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Localization beyond Localization: Apple Bets on Chinese Music
Posted by Arle Lommel on May 24, 2016  in the following blogs: Translation and Localization, Business Globalization, Mobile Localization
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On May 16 in California – May 17 in Beijing – Apple released what appeared to be a minor update of its music-creation software GarageBand to version 10.1.2 (MacOS)/2.1.1 (iOS). Usually, sub-point updates are maintenance updates to fix small bugs and do not merit our notice, but this one warranted a press release from Apple.

Why? This version adds support for virtual Chinese instruments: the erhu, which plays a role similar to the violin in orchestras; the pipa, a lute that occupies a musical place somewhat similar to the guitar; and Chinese percussion, including gongs and drums. Creating support for these instruments involved more than just adding a few sound files and graphics; it required engineering new ways of interacting with the virtual instruments to mimic local playing styles and implementing additional scales used in Asian music. In addition, Apple added Chinese-language support to the user interface and a set of 300 loops to support these instruments. This is what localization looks like when it finds a home in the core of an enterprise – it takes transcreation and then goes a step beyond.

Virtual world instruments are nothing new: Synthesizers and sequencers have supported them for years, but in most cases they are expensive add-ons to systems that include Western instruments by default. In this case, however, Apple users either get the instruments for free on newer Macs and iOS devices or for a nominal fee of US$4.99 when they purchase GarageBand on older devices. The instruments are enabled by default for Mac users everywhere and for iOS device owners in Greater China, but iOS users outside of the region must turn these instruments on in the app’s settings.

This move shows how important Greater China has become to Apple. It is now Apple’s second-biggest market and is growing at three times the rate of Europe or the Americas. With this prominence, Apple has had to tread lightly. Chinese authorities recently shut down Apple’s iTunes movies and iBooks stores, allegedly because Apple released the film Ten Years on iTunes in Hong Kong.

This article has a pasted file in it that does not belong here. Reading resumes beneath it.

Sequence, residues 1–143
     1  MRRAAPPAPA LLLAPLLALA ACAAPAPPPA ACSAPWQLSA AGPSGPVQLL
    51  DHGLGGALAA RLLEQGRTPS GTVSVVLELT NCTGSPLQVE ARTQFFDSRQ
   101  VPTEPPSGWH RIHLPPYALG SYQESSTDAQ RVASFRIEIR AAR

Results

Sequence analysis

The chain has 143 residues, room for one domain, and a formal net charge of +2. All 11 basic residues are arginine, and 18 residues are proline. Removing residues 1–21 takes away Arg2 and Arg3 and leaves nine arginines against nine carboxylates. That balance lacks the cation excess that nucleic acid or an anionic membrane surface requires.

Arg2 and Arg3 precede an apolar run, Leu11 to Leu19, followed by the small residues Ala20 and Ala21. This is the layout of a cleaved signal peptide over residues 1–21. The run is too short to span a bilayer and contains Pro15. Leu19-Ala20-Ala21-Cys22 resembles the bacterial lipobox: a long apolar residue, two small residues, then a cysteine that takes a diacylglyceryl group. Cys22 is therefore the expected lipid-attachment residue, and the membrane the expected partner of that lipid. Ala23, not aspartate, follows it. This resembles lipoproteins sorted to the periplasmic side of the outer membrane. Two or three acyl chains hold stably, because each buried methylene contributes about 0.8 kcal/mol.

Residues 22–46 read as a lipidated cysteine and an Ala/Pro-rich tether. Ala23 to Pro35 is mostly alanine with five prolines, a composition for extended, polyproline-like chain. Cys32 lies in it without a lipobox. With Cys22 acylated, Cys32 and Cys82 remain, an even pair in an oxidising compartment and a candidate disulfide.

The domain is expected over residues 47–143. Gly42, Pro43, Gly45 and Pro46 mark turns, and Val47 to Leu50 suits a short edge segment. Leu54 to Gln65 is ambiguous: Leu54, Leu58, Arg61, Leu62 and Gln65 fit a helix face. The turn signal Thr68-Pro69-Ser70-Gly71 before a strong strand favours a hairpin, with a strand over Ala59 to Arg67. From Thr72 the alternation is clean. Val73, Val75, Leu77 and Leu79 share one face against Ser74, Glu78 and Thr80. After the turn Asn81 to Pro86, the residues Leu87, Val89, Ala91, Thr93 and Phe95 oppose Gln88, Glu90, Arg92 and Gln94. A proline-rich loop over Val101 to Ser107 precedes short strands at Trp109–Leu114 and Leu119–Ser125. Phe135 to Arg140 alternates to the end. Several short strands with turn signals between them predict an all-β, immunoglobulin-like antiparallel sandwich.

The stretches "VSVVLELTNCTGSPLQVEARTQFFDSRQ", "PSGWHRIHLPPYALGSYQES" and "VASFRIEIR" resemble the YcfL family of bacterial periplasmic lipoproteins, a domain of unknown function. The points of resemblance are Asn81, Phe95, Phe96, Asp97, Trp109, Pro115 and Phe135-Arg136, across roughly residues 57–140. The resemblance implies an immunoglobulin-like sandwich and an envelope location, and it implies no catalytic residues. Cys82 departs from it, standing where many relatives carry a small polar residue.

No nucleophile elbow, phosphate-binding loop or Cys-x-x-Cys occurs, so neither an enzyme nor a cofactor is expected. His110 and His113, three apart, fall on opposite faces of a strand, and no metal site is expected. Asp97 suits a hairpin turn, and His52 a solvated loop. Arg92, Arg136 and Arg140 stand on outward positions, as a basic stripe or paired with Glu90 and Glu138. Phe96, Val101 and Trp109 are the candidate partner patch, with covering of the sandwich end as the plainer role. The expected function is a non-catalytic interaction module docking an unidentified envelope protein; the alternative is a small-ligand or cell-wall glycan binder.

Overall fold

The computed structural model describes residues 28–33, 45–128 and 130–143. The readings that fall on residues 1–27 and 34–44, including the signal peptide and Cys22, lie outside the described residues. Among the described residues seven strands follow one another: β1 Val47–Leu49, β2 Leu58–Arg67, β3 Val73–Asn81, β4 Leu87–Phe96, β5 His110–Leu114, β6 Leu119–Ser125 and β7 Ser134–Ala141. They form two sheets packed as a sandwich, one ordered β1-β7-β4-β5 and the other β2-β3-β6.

All of these moves may be part of a three-dimensional chess game: For the past two years, the Chinese Public Security Ministry has reportedly been demanding access to Apple’s source code for security features built into its products – a request that Apple claims to have refused. As Apple faces these challenges, an act of cultural diplomacy like adding Chinese instruments to GarageBand may provide a way to reassure wary officials that the company is committed to China. Similarly, analysts see the computer and phone maker’s recent $US1 billion investment in Chinese ride-sharing company Didi Chuxing not only as a way to improve the company’s transportation experience in advance of the rumored Apple Car but also as a way to improve relations with the Chinese government.

CSA Research sees three forms of localization in Apple’s support for Chinese instruments:

  • This striking act of “radical localization” projects an image of China’s importance to Apple users elsewhere in the world and keeps customers in Greater China happy. It also raises the bar for localization: No longer can competitors simply slap a Chinese user interface onto an otherwise unlocalized product and call it good. Localization that goes beyond translation to re-envision products and how they relate to local markets certainly puts a stake in the sand that other consumer-oriented companies will notice and emulate. It also shows just how important mobile platforms are becoming in enterprise strategy.

  • It exemplifies what we call “reverse localization.” Because the additional features are accessible to Apple fans everywhere, this move also reverses the normal U.S.-centric approach to localization. In this case the U.S. is also a beneficiary of localization. Large multinational enterprises such as Apple and IBM are increasingly becoming polycentric,” with R&D distributed across the globe and centers of excellence in many countries. Apple’s release of this version of GarageBand may be the first of many such moves as the U.S. becomes just one market among many, rather than the home market. In this context, market entry decisions take on even greater importance.

  • It underscores the importance of localization for some of the largest and most forward-looking organizations as much more than just a linguistic function. The decision to add the erhu and pipa to GarageBand surely received scrutiny and approval from the highest levels in the company, which had to approve the engineering expenditures and handle the release and diplomacy strategy. In this case, localization served an important end in ongoing negotiations and political moves that span continents. For companies that want a piece of the burgeoning Chinese market – and the yuan that come with it – Apple shows the importance of localization and deep cultural adaptation.
However, at the end of the day, it is music fans who reap the greatest benefits. Chinese users of GarageBand will feel more at home, and the app opens up new creative potential for musicians elsewhere in the world who might never otherwise encounter Chinese instruments. All of these groups are benefitting from a geopolitical situation that has shifted traditional patterns of localization and cultural power.


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